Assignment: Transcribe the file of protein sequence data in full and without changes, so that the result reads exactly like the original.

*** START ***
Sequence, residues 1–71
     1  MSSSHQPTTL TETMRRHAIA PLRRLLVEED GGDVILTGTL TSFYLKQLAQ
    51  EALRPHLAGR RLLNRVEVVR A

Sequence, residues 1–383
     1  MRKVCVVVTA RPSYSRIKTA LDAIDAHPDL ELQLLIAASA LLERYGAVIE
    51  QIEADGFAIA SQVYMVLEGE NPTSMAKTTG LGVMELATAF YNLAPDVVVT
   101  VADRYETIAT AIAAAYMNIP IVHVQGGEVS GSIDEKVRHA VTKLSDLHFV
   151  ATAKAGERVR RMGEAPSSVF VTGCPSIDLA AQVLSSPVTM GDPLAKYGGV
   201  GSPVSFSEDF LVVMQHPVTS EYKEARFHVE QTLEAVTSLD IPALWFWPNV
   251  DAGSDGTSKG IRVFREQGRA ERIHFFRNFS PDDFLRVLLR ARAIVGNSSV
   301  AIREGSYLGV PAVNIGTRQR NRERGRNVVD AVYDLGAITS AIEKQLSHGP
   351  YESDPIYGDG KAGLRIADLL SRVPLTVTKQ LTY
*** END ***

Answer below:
Sequence, residues 1–71
     1  MSSSHQPTTL TETMRRHAIA PLRRLLVEED GGDVILTGTL TSFYLKQLAQ
    51  EALRPHLAGR RLLNRVEVVR A

Sequence, residues 1–383
     1  MRKVCVVVTA RPSYSRIKTA LDAIDAHPDL ELQLLIAASA LLERYGAVIE
    51  QIEADGFAIA SQVYMVLEGE NPTSMAKTTG LGVMELATAF YNLAPDVVVT
   101  VADRYETIAT AIAAAYMNIP IVHVQGGEVS GSIDEKVRHA VTKLSDLHFV
   151  ATAKAGERVR RMGEAPSSVF VTGCPSIDLA AQVLSSPVTM GDPLAKYGGV
   201  GSPVSFSEDF LVVMQHPVTS EYKEARFHVE QTLEAVTSLD IPALWFWPNV
   251  DAGSDGTSKG IRVFREQGRA ERIHFFRNFS PDDFLRVLLR ARAIVGNSSV
   301  AIREGSYLGV PAVNIGTRQR NRERGRNVVD AVYDLGAITS AIEKQLSHGP
   351  YESDPIYGDG KAGLRIADLL SRVPLTVTKQ LTY